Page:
If you’ve been to church, chances are you’ve heard a request for money. For most people, even those who've been in church a while, questions about the hows and whys of giving money to the church come up. Here are some answers to the most frequently asked questions regarding giving to a local church.
The church in the West is known for many different, amazing things: its use of technology, its cultural contextualization, its wealth, its innovation, and so on. But it is also known for its failings: pragmatism, focus on charisma over character, and the general apathy of its people, are a few. Like all failings and shortfalls, there is always hope for redemption – especially when we talk about the beloved bride of Christ, the very body that has the promise of full reconciliation and the joy of being on the frontlines of God making all things new.
"Wild" is not an adjective we would generally use to describe God, but I think we make a mistake if we miss some of the beauty in understanding God as "wild".
When I say, "wild", I don’t mean wild like barren or unknowable, but I do mean unbreakable, uncontrollable, powerful, and untamable (Ps 115:3).
God has revealed himself to us. He has always desired relationship with humanity, and as such, redemptive history is quite simply a story of God desiring to dwell with his people. But generally, we tend to find ourselves focusing so much on God's desire to be in relationship with us, we forget his wildness. He has in many ways become a safe, sterilized, and benign god and friends that is no god at all. If we could control, manage, and never be surprised by the thing we worship, we would be very sad indeed.
By nature of being saved by Jesus, you have been made a part of his body, the Church. I truly believe that in every local church, God provided the parts of the body for it to function for the purpose in which he called it to. We are blessed at Foundation Church to be full of amazing people that make up our part of the body. Every week of church life is a testament to that: the volunteer teams, the servants, the godly way in which people care for and serve one another warms my heart. But every now and again, we are faced with a call to go over and above. Sometimes God brings into the life of the church an opportunity to show off his love through his people within the body that is the church.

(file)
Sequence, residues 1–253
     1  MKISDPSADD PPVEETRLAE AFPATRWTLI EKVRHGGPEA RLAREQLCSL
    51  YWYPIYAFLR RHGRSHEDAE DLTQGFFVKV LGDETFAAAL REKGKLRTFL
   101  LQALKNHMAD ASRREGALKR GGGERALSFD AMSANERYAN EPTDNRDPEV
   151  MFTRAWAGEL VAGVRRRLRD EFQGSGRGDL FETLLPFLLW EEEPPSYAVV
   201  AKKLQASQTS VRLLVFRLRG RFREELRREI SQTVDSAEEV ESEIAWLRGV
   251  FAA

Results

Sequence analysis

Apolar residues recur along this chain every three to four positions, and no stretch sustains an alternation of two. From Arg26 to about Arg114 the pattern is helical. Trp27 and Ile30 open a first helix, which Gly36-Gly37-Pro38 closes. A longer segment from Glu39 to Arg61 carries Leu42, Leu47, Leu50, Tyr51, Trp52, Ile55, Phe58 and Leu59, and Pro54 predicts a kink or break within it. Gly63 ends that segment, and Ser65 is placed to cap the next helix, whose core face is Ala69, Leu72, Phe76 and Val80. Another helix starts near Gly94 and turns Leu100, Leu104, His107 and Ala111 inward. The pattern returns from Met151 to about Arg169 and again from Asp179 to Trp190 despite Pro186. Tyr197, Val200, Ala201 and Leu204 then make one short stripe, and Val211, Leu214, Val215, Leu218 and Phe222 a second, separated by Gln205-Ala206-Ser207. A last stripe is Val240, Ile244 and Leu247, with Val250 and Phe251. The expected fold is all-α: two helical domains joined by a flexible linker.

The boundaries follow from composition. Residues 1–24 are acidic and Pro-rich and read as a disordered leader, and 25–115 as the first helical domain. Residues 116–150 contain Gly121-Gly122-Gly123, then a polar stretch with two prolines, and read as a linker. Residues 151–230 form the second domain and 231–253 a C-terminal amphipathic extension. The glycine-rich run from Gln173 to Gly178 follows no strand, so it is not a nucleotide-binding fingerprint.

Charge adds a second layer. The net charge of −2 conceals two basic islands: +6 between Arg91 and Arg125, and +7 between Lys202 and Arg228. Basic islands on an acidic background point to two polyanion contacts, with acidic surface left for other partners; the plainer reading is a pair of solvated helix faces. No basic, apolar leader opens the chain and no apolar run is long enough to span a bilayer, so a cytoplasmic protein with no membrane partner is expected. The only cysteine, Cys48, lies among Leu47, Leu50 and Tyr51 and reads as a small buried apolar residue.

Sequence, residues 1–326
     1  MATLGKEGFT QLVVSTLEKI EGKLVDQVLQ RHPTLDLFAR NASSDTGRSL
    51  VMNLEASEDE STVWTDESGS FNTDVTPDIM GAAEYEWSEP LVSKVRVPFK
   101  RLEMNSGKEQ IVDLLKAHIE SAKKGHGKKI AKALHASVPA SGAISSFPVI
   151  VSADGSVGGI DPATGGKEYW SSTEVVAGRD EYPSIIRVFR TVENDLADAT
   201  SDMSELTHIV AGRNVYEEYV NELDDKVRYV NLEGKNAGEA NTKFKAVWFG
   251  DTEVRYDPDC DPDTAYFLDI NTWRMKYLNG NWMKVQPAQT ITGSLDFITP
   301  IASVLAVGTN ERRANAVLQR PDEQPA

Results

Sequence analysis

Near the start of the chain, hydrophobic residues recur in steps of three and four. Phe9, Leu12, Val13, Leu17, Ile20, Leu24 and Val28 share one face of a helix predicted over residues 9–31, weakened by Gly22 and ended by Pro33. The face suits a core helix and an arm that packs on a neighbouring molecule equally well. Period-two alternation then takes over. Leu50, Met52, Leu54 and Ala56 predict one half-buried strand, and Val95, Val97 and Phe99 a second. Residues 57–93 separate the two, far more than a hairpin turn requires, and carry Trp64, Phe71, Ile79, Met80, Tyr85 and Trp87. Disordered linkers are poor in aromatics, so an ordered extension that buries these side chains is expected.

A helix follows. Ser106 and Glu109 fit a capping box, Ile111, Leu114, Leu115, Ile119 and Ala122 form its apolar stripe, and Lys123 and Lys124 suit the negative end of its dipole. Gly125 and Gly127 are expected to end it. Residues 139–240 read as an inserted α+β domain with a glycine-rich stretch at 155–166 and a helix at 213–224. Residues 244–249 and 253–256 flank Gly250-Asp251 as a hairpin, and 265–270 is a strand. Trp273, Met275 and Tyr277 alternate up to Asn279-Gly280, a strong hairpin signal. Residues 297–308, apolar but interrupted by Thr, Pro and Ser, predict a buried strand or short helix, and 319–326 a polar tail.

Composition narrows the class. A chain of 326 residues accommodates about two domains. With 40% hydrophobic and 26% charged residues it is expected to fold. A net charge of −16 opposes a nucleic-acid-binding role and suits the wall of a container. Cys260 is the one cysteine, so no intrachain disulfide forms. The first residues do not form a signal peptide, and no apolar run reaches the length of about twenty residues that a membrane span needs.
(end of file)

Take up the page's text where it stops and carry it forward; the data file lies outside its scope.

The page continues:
So often we think we know what is best for ourselves, we think we have an understanding of our needs. In reality, we often miss the mark entirely.
As with other topics in this series, Imago Dei comes front and center in response to perceived Old Testament injustices. The sexism argument must acknowledge how God created both men and women in His likeness (Gen. 1:26). God created all people in His likeness from the beginning of Scripture -- from kings and queens to male and female slaves. An argument that sees God as preserving inequality between men and women must also argue that God established the Imago Dei with inherent inequalities. Gail Wallace makes the case that, “woman is not a separate creation; she is made from the same material as the man. Both embody the fundamental qualities and capacities of being human while at the same time having the added dimensions of sex and gender.”
Another difficult question we face when digging deeper into the Old Testament is polygamy and its commonplace practice.
We look up to heroes of the faith like Jacob and David (Heb 11), yet each of these biblical giants had more than one wife. How can they be held up as godly examples while so blatantly violating God’s intentions for marriage? How can God both regulate Old Testament polygamy (Exodus 21:10) and yet require New Testament elders to be of one wife (1 Timothy 3:2)?
As someone who grew up in the Southern U.S., slavery in the Old Testament comes with images of the transatlantic slave trade and cotton plantations. How can the church justify a God who seems to endorse slavery by providing laws for the relationship between slave and slave owner? The cultural, historical, and theological context of God’s Word paints a picture of a caring God with a desire for all to become servants of Christ.